Daily Digest

Natural gas prices to remain low for ’20 years’ – TVA’s CEO

NATURAL GAS: The CEO of the TVA, Bill Johnson, said he expects natural gas prices “to be low for 20 years.” (Reuters)

ALSO:
• Virginia regulators impose “precedent-setting” pollution controls on a gas-fired power plant sought by Dominion Virginia Power that would be the largest in the state. (Augusta Free Press)
Virginia Tech moves to finish converting its coal-fired power generators to natural gas. (WDBJ)

***SPONSORED LINK: Today join the Southern Alliance for Clean Energy at 11 a.m. EDT for a webinar featuring retired military officers on why top defense and intelligence agencies identify climate change as a key security risk. Register here.***

SOLAR:
• Republican Georgia regulator Lauren “Bubba” McDonald explains how he became one of the state’s leading solar proponents. (Southeast Energy News)
• Officials turn on the first of five planned solar facilities on Georgia military bases developed by Georgia Power. (Atlanta Business Chronicle)
• Virginia regulators set an October 13 hearing in Richmond on Dominion Virginia Power’s revised proposal for a 20 megawatt solar farm near Remington. (Fauquier Now)

UTILITIES: Hearings about a proposed 24% rate hike for Florida Power & Light – one of the largest such requests ever – begin today throughout the state and run through June 29. (Southern Alliance for Clean Energy)

COAL ASH:
• A leading environmental group says arsenic levels have dropped significantly since Santee Cooper removed coal ash from a pond near Myrtle Beach. (The State)
• Many users of well water near Duke Energy’s coal ash ponds are confused over whether it is safe to drink or not. (WRAL)
• The TVA is seeking public comments through July 12 on plans for a new dry ash storage landfill adjacent to a power plant near Oak Ridge, Tennessee. (Associated Press)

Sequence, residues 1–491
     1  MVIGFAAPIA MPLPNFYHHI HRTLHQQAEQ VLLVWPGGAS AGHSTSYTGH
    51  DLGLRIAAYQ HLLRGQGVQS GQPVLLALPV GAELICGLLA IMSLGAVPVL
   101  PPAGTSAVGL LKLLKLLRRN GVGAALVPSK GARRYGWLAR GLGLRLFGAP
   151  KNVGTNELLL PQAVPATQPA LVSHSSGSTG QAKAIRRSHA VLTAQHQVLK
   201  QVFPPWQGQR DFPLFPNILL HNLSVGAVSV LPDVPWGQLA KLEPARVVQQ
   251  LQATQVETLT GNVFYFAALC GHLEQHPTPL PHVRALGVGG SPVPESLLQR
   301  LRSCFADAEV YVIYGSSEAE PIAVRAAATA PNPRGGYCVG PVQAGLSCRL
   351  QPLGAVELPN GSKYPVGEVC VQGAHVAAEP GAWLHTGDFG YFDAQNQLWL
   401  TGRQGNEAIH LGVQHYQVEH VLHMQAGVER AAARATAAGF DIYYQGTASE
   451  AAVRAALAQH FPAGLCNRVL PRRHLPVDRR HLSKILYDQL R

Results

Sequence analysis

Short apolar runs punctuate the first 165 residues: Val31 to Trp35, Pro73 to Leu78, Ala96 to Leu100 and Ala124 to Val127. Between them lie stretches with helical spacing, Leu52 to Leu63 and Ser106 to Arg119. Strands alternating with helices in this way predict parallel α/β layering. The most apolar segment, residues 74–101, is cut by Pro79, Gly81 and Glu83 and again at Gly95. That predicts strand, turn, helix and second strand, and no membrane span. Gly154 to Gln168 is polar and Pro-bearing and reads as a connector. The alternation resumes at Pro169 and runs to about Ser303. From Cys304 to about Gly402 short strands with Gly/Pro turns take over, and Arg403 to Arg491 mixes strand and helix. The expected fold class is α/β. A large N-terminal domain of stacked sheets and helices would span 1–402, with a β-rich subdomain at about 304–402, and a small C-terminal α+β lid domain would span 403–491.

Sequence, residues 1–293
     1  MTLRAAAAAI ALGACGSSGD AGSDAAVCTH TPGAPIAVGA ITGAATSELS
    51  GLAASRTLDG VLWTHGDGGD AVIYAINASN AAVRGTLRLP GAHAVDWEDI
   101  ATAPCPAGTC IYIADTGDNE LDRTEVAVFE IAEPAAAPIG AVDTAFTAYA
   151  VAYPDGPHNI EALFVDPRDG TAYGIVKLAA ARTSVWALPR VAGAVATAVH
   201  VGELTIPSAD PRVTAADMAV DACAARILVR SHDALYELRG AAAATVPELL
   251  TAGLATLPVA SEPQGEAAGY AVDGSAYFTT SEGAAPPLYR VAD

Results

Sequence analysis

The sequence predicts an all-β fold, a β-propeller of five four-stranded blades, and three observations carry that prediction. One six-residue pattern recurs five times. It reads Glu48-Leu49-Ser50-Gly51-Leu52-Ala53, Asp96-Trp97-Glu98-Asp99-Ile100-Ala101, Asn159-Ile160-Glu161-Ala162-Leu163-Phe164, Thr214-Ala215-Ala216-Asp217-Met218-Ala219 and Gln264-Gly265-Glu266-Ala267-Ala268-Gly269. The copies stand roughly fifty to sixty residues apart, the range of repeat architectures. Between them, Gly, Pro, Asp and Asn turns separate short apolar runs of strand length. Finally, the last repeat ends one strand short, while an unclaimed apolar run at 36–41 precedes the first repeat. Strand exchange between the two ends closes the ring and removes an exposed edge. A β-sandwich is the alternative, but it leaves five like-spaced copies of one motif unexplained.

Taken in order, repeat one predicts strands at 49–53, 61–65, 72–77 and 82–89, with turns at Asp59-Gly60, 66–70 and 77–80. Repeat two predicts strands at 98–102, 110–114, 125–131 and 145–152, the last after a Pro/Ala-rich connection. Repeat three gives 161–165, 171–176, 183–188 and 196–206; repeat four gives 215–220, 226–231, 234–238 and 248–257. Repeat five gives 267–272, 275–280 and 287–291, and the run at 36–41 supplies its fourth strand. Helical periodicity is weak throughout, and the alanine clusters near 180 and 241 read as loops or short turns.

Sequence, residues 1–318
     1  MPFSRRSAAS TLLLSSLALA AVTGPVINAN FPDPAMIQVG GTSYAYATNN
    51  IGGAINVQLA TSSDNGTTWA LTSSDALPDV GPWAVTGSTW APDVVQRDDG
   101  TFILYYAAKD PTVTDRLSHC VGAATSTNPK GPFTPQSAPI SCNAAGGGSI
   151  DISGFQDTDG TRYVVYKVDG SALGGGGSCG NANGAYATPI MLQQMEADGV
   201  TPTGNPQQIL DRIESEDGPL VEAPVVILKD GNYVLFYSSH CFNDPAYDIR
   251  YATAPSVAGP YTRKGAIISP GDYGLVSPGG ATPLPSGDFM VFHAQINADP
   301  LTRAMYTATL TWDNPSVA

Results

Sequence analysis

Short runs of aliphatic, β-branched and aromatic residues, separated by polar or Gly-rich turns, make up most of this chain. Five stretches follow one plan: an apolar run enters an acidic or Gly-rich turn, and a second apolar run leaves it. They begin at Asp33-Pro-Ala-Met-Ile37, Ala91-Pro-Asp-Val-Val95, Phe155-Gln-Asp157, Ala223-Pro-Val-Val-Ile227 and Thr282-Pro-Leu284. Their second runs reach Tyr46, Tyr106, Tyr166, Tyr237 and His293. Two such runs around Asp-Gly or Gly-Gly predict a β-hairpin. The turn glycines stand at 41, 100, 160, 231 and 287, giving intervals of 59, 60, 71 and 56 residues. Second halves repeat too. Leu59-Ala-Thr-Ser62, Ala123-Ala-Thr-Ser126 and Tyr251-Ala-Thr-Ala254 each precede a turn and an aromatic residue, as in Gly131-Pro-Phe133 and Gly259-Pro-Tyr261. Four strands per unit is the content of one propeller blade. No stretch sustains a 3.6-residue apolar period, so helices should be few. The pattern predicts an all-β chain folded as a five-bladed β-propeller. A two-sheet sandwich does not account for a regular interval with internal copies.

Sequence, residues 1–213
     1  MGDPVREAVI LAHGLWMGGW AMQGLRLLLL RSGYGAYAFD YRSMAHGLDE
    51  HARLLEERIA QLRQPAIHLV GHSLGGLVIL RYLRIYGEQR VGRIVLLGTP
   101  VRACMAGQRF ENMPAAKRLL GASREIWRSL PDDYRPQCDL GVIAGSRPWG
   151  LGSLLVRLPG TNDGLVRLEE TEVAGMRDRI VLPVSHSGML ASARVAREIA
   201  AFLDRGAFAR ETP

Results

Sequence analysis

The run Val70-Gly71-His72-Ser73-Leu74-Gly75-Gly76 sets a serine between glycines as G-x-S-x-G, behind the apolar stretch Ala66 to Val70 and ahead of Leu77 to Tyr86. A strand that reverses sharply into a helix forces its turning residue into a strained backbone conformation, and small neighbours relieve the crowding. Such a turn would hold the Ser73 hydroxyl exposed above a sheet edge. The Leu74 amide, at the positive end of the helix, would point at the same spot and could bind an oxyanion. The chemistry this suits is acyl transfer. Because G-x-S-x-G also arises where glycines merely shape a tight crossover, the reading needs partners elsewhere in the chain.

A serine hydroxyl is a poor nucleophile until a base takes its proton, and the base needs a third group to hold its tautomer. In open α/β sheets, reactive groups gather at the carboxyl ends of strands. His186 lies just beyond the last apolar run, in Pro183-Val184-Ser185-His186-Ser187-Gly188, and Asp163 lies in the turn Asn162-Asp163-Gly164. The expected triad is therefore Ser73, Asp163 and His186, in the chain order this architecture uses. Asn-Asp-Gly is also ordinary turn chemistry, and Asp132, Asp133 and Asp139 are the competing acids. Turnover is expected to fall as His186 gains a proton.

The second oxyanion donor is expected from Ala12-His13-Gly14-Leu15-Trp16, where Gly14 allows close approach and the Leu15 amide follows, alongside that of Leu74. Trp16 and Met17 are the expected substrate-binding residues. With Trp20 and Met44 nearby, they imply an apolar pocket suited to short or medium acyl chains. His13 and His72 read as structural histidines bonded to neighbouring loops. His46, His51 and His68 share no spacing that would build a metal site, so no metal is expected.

COAL:
• An attorney for coal baron Jim Justice said his client needs at least through December to finish reclaiming strip mining sites in Eastern Kentucky. (Louisville Courier-Journal)
• A Virginia coal hauler pleads guilty to violating the Mine Safety Act for tipping off looming safety inspections. (Land Line)
• A trial in West Virginia is rescheduled for a water quality lab employee charged with taking part in a scheme to falsify water pollution testing at mining operations. (Charleston Gazette-Mail)

NUCLEAR: Despite environmental deficiencies at the Turkey Point plant found by federal regulators in 2014, a panel of Florida judges finds no need to update the findings. (Palm Beach Post)

ELECTRIC VEHICLES: The Virginia Automobile Dealers Association calls on the state to sanction Tesla for operating an unlicensed gallery in a shopping mall featuring one of its cars. (Automotive News)

CLIMATE: Rising sea levels are finding their ways on to front lawns of Norfolk, Virginia area residents. (Voice of America)

FRACKING: West Virginia University strives to advance research about and the efficiency of hydraulic fracturing in the Marcellus Shale. (The Exponent Telegram)

COMMENTARY:
• The utility-backed solar Amendment No. 1 on Florida’s November ballot makes the “smoking-isn’t-harmful” propagandists for the tobacco lobby look like amateurs. (Naples Daily News)
• The federal government’s withdrawal of a $40 million grant for a pilot offshore wind project off Virginia’s coast prompts serious talk about energy policy. (Daily Press)
• Coal mines that have closed are not coming back. (The Register-Herald)
• Even if the TVA’s Bellefonte nuclear plant is sold at is appraised value, TVA customers will get less than a 2016 penny back for the $6 billion they’ve been charged over 46 years. (Bulletin of the Atomic Scientists)

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